So I hope we didn't go too far over our allotted time and we kept your attention. I know leases aren't always the most exciting documents in the world, but this will hopefully give you a bit of background when you do go to enter into a lease. I don't know, Simon, if we're taking questions now or all of the end.
AUDIENCE: I have a few questions now [INAUDIBLE].
AUDIENCE: I have one question on subleasing [INAUDIBLE].
MATTHEW RITCHIE: Yep.
AUDIENCE: Subleasing the office space from another tenant in the building and what kind of leverage do we have when negotiating it with a subleaser from the landlord.
PAUL MORASSUTTI: Very good question, because now you have two tenants, two landlords. So you have the head landlord with the existing tenant. And then the tenant subleases to you and you're the subtenant. Your contract is with the tenant, not the head landlord. So that lease that-- the head lease? No one's changing that.
You can negotiate your own business deal down below as a subtenant-- so rent, how much space. But the rest of the lease-- the insurance obligations, maintenance obligations-- that all will be governed by the head lease. And that's already in place. So whatever's there, you will be stuck with it. All you can really do is negotiate your business deal-- how much space, how much rent, how long you're going to stay there for. The rest is already predetermined by the head lease.
If there's damage that the head landlord is supposed to fix and it impacts the sublease space, you can't go to the head landlord because if I'm the head landlord, I'll say, I have no contract with you. Leave me alone.
AUDIENCE: Would you recommend to go to maybe renegotiate and deal directly with the landlord if possible?
PAUL MORASSUTTI: But subleases tend to have better rent deals. So if you want the better financial deal, you're going to be a subtenant. And if you need the head landlord to do something, you have to force the tenant-- your sublandlord-- to enforce the head lease. It's a bit complicated, but that's the way it has to be enforced.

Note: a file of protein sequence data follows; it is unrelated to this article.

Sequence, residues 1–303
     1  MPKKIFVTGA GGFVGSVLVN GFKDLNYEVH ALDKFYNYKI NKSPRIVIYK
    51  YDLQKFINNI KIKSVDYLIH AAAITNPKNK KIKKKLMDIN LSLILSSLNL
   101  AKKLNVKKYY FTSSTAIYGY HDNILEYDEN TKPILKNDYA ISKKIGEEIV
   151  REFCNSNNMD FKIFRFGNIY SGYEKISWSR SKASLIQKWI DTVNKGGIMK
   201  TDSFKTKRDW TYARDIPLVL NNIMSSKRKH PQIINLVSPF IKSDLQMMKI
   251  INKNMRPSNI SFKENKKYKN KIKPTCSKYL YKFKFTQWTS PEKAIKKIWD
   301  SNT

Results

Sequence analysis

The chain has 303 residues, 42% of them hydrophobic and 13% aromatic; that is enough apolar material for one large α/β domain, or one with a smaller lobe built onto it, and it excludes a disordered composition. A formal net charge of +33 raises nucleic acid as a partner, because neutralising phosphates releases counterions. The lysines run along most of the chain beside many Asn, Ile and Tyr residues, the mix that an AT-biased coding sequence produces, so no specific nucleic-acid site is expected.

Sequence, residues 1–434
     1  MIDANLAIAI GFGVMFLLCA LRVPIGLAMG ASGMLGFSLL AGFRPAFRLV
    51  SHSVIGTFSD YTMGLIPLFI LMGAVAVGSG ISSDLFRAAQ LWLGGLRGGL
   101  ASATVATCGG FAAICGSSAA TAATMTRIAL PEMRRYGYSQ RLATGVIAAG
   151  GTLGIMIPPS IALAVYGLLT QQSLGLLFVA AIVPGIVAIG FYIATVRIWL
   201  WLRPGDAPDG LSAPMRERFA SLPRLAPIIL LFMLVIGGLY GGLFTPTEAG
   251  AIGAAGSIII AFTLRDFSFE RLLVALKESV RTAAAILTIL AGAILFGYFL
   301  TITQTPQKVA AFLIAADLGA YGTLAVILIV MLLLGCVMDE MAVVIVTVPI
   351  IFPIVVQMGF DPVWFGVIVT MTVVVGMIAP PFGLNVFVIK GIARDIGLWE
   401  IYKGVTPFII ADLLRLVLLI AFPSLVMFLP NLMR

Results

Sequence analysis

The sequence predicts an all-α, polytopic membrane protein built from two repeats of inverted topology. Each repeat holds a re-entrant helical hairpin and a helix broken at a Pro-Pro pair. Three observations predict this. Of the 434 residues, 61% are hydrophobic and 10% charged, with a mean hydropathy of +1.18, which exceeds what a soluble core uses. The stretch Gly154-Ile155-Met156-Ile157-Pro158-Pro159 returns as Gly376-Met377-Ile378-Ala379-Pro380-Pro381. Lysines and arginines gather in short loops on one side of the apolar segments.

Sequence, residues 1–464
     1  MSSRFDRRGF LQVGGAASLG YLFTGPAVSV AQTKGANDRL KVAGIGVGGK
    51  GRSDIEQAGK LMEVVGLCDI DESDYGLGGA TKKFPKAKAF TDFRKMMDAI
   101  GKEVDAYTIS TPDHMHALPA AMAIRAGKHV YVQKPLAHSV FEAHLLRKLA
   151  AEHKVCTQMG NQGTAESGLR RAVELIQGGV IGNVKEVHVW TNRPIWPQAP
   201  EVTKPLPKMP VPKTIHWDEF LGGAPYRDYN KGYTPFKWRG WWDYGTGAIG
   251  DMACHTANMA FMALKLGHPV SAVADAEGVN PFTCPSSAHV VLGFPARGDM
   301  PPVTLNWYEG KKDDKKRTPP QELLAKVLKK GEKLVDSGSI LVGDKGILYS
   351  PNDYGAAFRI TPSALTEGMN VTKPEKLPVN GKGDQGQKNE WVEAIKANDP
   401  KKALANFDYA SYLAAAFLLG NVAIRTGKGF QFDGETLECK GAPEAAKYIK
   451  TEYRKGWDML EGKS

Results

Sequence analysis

If you want to do a direct deal with the head landlord, well, now you're not a subtenant anymore. Now you're a direct tenant. And you're probably going to be paying higher rent.
MATTHEW RITCHIE: A sublease will typically include a clause that says, the sub landlord will enforce the terms of the head lease on behalf of the subtenant upon a request by the subtenant. So that's how the subtenant can in practice get things done that they need the landlord to do. They'll have to go to the sublandlord, which can be annoying. But as Paul mentioned, you have no contract with the landlord.
PAUL MORASSUTTI: You always have the right to sublet. The lease will impose restrictions on how you can sublet. You'll always need to get the landlord's consent to do it. Can you carve out situations where you don't need consent?
Landlords will always say you can't sublet for less than that head rent or the head lease rent, which is ridiculous. In 30 years of practicing law, I think I may have seen one sublease where the rent was higher than the head lease. It's invariably the opposite.
So there are all these-- as Matt was saying, there's all these restrictions in a lease. A lot of them don't make any bloody sense. It's just leverage. It's just the landlord exercising far too much control over you as a tenant. So if you want to sublet some of your space, you still have your head lease with the landlord. If you want to sublet it for free, shouldn't matter because you're the one that has to pay the head landlord the rent under the head lease.
So that's another area where we could talk for an hour just on assignment and sublet rights. But again, if you know that-- if you're going to lock up 10,000 square feet of space because in five years you're going to grow into it but you don't need it until year three-- so year one and two you will be subletting-- that's something to negotiate upfront at the offer stage. So you got to think a few years ahead.
PRESENTER: OK. Over to the insurance expert.
SPEAKER: All right. Thanks.